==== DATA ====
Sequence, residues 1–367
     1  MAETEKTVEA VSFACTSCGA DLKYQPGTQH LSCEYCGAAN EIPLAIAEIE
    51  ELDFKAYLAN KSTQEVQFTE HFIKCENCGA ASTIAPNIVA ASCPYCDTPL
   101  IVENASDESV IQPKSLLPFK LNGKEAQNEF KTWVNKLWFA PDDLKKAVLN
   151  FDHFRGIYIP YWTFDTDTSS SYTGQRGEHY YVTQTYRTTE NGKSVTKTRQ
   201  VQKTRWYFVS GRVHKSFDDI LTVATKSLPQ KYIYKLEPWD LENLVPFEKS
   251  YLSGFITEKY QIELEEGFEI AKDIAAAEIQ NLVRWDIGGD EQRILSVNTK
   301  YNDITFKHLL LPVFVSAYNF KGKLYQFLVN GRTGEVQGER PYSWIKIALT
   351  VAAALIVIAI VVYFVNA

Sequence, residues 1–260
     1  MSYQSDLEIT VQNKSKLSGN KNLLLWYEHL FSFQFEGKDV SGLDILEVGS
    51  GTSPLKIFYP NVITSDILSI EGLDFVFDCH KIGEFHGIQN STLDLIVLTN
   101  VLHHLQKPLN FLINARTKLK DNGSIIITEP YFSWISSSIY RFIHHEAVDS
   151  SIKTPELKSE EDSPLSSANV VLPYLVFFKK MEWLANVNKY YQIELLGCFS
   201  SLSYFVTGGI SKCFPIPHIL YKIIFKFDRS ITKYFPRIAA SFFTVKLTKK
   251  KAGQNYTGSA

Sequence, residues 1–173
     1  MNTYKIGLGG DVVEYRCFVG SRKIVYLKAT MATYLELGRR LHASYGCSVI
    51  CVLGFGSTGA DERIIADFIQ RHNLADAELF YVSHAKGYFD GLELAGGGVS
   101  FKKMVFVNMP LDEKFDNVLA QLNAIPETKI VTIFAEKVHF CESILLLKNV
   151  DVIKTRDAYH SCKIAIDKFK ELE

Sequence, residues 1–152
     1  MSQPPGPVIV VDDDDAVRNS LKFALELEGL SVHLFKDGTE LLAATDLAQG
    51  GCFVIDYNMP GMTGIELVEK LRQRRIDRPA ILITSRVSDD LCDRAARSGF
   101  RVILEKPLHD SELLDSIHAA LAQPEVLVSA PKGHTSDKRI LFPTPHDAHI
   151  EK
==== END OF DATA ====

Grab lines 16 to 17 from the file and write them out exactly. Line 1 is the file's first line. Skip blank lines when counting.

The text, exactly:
   251  KAGQNYTGSA

Sequence, residues 1–173